The book guides readers on ways to ensure animals are respected and protected from needless harm. Ingrid’s stories are interesting and fun, including accounts on how geese fall in love and stay with a partner for life, how fish “sing” underwater and how elephants use their trunks to send subsonic signals to alert other herds miles away to danger. Those who have already read the book or watched the virtual book talk are posting positive reviews online and on social media.
Ingrid is also the author of Save the Animals! 101 Things You Can Do, Making Kind Choices, The Compassionate Cook or, “Please Don’t Eat the Animals!” and other books available in multiple languages. Gene Stone has written, co-written, or ghost-written more 45 books, including Forks Over Knives, How Not to Die, Living the Farm Sanctuary Life, and The Engine 2 Diet. He has reached millions of readers with important ideas about ways to work, live, and thrive.
The links above were offered by MidAmerica Books. They include FREE access to all of their eBooks and databases through June, 2020. The first one is for Elementary Digital Bookshelf Kindergarten through 8th grade. Click on the topic of your choice, which even includes a Spanish option. The second one is Secondary Digital 5th grade through 12th grade. The third link is an ABDO Research Database. When you click on a link you’ll see buttons below each item. The lower case “e” allows you to click for digital access, and the “i” allows you to get more information. Enjoy!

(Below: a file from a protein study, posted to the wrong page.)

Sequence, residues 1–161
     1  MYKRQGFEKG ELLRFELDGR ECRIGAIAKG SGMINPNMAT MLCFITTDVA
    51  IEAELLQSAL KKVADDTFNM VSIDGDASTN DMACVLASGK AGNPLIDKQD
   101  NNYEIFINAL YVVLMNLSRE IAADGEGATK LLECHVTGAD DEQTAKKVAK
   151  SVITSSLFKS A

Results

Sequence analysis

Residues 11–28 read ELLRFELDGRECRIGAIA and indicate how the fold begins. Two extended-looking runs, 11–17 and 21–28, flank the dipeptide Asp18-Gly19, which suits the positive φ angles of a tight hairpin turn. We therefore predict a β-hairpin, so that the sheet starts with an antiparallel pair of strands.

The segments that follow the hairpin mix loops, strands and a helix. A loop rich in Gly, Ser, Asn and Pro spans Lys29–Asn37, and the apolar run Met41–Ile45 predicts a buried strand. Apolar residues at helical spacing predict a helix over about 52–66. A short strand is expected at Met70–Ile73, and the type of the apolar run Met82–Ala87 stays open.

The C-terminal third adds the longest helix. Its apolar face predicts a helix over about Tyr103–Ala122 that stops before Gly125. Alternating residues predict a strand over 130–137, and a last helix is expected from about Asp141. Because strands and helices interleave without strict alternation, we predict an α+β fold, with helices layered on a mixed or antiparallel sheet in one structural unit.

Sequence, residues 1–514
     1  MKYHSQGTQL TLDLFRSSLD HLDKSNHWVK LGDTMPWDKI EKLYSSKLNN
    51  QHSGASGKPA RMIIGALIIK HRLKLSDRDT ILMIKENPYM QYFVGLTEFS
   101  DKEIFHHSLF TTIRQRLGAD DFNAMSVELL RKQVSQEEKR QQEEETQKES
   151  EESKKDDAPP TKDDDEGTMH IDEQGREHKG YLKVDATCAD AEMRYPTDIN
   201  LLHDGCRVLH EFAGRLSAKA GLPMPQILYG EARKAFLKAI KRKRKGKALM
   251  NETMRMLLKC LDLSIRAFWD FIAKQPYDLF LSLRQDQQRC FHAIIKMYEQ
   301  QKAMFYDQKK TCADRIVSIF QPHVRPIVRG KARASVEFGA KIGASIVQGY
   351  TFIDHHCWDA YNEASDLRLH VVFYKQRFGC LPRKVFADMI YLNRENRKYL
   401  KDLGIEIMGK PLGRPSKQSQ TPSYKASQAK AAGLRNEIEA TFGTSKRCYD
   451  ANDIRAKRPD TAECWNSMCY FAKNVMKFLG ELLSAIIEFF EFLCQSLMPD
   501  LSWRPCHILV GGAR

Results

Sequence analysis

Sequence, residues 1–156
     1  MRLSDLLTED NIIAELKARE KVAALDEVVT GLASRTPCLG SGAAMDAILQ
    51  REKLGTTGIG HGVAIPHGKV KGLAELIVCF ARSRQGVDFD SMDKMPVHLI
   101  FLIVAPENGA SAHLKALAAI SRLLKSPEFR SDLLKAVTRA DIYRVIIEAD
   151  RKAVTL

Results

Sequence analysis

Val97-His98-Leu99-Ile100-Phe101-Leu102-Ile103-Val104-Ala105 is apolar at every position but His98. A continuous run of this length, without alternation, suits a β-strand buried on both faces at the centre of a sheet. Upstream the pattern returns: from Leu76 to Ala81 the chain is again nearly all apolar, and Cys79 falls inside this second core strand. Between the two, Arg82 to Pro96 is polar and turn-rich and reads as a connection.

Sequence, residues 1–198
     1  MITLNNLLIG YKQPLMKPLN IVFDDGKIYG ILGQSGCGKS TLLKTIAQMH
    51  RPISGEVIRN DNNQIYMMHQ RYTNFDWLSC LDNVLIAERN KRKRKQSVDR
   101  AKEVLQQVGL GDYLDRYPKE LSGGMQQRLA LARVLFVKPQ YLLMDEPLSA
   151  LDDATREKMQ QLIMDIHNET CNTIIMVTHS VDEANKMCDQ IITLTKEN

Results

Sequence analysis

Pleasanton Lincoln Library is currently closed to the public. We will continue limited services during the closing. Staff members will be working limited hours in the building as necessary. We may check out books to patrons in some manner (such as curbside delivery, but only within a limited radius).
Communication: Please communicate with us by e-mail (email@example.com), not by telephone. There will not always be someone to answer the phone, and the person you are calling may not be here.
Interlibrary loan (ILL) and courier: Courier service is suspended and we will no longer be filling holds or ILL requests.
Technology Services: Our Wi-Fi is active, and is available from our parking lot on the north side of the building.
We will address fines issues once the library has returned to normal operations.